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Highlights of this past week’s festival screenings in Toronto.
Directed by Joe Wright
Wright’s bold, Tom Stoppard-scripted Tolstoy adaptation is “tight and pacy,” wrote THR‘s Todd McCarthy, and will “make the grade as a solid upscale late autumn release.” Instead of simply concentrating on the adultery of Anna (Keira Knightley) and dashing cavalryman Count Vronsky (Aaron Taylor-Johnson), like past movie versions, Wright includes the parallel story of landowner Levin (Domhnall Gleeson), who seeks meaning in life — plus the hand of Kitty (Alicia Vikander). But Stoppard anchors the drama on a literal stage set, which makes the book’s sprawling realism feel “artificial, constricted, deterministic and counterfeit.” Wright runs with the theater-set concept and has some success with a ballroom scene and one where a child’s toy train becomes a real one in which crucial scenes are acted. However, overall the result is “arresting, mannered, gorgeous, stifling, surprising and facile by turns.” Including more of the huge novel’s story makes the downfall of Anna’s romance too compressed and undetailed. Knightley gives Anna “a decent shot” yet lacks “the mature beauty and inner radiance” of an ideal Anna — say, Marion Cotillard. Worse, callow Taylor-Johnson is damagingly miscast as her lover. Playing the older man instead of the young Casanova, Jude Law is good as Anna’s husband, and rising star Vikander (A Royal Affair) makes a fine Vronsky-besotted Kitty.
Directed by Pablo Berger
More original than Mirror, Mirror or Snow White and the Huntsman, Berger’s Snow White tale “gets doused in flamenco rhythms and shoved into the Seville bullfighting arena in this affectionate 1920s-set tribute to European silent cinema,” wrote David Rooney. Kiko de la Rica’s alluring black-and- white cinematography enhances “brisk, lucid and imaginative storytelling.”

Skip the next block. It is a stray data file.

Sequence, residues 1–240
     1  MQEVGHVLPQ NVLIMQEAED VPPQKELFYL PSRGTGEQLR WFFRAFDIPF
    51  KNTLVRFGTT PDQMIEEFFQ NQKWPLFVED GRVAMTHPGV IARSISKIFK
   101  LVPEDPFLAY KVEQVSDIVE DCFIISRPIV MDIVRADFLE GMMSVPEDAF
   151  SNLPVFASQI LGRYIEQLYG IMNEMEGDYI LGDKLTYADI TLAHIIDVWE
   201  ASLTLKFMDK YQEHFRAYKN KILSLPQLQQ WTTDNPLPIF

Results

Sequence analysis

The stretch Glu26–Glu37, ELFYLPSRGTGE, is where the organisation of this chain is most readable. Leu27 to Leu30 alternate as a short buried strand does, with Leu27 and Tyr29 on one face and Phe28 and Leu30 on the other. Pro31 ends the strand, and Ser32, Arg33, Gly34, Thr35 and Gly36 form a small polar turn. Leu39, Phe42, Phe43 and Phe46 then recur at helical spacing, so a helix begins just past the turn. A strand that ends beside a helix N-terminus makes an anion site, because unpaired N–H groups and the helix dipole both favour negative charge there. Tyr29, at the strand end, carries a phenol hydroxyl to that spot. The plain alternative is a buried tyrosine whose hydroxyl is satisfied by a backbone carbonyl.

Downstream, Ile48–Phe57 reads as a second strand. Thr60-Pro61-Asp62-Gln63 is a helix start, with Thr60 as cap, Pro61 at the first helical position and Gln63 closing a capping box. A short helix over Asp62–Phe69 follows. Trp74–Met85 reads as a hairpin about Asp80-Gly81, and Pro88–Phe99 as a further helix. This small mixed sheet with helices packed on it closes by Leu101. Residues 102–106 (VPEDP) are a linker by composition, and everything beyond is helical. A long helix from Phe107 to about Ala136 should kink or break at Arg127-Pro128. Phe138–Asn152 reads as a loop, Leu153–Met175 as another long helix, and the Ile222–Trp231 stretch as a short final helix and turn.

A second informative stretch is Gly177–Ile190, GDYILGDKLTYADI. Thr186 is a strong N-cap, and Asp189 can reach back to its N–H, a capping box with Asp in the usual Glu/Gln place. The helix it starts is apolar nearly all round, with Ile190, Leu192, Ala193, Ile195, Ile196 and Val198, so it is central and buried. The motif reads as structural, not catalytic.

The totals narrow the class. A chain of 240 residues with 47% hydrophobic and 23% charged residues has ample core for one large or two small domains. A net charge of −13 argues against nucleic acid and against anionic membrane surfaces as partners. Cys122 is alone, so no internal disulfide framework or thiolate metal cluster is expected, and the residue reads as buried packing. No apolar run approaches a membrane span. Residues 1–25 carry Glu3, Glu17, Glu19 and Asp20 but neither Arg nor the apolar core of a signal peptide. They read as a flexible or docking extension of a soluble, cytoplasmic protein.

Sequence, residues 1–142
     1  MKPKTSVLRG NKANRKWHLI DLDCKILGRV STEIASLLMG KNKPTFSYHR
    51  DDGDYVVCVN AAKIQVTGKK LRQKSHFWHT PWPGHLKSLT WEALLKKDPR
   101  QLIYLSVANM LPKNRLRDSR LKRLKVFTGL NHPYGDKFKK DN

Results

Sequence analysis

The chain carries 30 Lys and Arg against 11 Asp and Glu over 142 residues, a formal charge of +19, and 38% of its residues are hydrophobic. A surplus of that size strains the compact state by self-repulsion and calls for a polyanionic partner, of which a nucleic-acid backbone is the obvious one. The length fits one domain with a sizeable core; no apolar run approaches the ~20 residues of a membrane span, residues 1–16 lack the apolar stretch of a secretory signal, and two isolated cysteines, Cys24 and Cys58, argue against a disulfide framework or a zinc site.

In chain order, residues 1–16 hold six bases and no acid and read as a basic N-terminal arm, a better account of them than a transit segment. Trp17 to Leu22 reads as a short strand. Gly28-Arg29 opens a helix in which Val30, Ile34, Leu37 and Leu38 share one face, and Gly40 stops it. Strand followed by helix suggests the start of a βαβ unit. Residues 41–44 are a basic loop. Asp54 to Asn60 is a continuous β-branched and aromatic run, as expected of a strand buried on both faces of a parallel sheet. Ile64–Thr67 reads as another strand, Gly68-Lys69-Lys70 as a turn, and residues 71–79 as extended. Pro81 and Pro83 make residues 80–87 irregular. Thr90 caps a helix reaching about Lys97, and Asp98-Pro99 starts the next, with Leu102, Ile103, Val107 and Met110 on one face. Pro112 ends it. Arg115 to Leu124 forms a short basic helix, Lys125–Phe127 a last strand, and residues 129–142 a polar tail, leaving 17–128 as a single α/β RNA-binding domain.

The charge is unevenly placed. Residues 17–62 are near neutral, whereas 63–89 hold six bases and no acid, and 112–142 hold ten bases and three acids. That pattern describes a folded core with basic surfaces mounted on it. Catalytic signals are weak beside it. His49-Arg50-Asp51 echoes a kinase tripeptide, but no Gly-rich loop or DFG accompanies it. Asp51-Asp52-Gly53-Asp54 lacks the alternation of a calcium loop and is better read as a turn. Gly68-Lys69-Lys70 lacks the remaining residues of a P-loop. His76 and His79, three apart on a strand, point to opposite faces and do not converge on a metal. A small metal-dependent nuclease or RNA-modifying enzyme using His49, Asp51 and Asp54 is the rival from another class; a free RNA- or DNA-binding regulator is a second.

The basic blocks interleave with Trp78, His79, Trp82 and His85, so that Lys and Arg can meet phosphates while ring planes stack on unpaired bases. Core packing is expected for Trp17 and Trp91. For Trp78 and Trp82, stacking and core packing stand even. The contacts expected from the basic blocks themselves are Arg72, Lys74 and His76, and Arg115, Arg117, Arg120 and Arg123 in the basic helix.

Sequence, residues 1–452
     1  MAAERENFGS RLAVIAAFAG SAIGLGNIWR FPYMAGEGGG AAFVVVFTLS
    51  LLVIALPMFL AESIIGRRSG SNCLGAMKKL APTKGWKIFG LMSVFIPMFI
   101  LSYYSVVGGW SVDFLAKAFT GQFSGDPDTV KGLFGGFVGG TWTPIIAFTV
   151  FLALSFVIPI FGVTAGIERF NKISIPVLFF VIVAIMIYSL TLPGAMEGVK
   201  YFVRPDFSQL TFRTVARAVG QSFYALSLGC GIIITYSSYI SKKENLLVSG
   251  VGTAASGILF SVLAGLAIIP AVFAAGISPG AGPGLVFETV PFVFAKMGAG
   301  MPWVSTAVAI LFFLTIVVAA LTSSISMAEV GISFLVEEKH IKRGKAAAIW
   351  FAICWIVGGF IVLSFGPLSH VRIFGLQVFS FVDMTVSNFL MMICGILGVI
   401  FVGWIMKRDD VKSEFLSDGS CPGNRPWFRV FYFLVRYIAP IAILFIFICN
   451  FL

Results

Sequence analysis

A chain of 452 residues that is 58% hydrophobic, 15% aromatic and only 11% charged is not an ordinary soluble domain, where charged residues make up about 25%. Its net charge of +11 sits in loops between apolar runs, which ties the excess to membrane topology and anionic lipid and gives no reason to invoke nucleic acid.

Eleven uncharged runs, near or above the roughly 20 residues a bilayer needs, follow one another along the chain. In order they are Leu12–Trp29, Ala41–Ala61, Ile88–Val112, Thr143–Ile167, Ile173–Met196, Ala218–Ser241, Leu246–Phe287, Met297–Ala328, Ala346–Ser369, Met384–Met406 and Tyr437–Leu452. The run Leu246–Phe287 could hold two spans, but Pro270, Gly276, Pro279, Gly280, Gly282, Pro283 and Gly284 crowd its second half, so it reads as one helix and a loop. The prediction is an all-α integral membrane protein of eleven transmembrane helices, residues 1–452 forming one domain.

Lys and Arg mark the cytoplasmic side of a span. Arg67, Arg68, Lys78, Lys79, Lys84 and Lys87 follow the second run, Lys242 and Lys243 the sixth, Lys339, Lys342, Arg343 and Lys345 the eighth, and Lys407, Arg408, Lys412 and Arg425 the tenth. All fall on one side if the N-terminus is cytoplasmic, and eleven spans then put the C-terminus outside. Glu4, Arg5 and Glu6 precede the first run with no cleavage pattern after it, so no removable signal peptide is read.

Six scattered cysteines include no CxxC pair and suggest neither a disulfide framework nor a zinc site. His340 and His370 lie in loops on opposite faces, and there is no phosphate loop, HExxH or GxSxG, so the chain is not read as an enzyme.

Directed by Andy Capper
In Capper’s engaging doc, Snoop Lion, 40, laments, “Obama want me to come to the White House, but what the f– can I perform?” Needing new material free of guns, thugs and bitches, Snoop metamorphoses from rapper to reggae star, with help from mediagenic Bob Marley bandmate Bunny Wailer and large Jamaican spliffs. The film, wrote Rooney, “whets the appetite for the disk to be released under his new moniker, Snoop Lion.”
End of Watch
Directed by David Ayer
A macho, rule-breaker LAPD cop (Jake Gyllenhaal) aspires to make a doc about his own pursuit of Latino gangsters. And the bad guys are camera-happy too in Training Day scripter Ayer’s adrenaline- soaked drama. “Gyllenhaal thoroughly inhabits this problematic personality,” wrote John DeFore.
The Perks of Being a Wallflower
Directed by Stephen Chbosky
With an American accent instead of Hermione’s, Emma Watson is “adequate but not quite memorable” as Sam, a Smiths- obsessed Pittsburgh high school waif in Chbosky’s “heartfelt but generic” 1990s coming-of-age dramedy, wrote Jordan Mintzer. Logan Lerman is convincing as Charlie, the teen wallflower too scared to ask Sam out.As Charlie’s semi-badass pal, Ezra Miller (We Need to Talk About Kevin) “brings much life to party scenes and bug- out moments,” like a Rocky Horror Picture Show performance that shows Miller can hold his own in drag.
Much Ado About Nothing
Directed by Joss Whedon
Some of Whedon’s favorite actors (Amy Acker, Alexis Denisof, Sean Maher) put on “one of the funniest Shakespeare films in ages,” wrote DeFore. Shot in 12 days at Whedon’s home, this update of Shakespeare’s Whedon-ishly wisecracking comedy earned howls and a standing ovation at Toronto. The gang of Constable Dogberry (Nathan Fillion) “swagger through the play like junior high kids making a ’70s policier,” wrote DeFore.
Directed by Brian De Palma
Despite eye-catching lead turns from Noomi Rapace and Rachel McAdams, De Palma’s steamy, convoluted thriller set in a Berlin ad agency rife with professional jealousies and Sapphic tensions is, wrote Neil Young, “less a comeback than what economists call a ‘dead cat bounce.’ ” But maybe the upcoming Carrie remake will add some marquee appeal.
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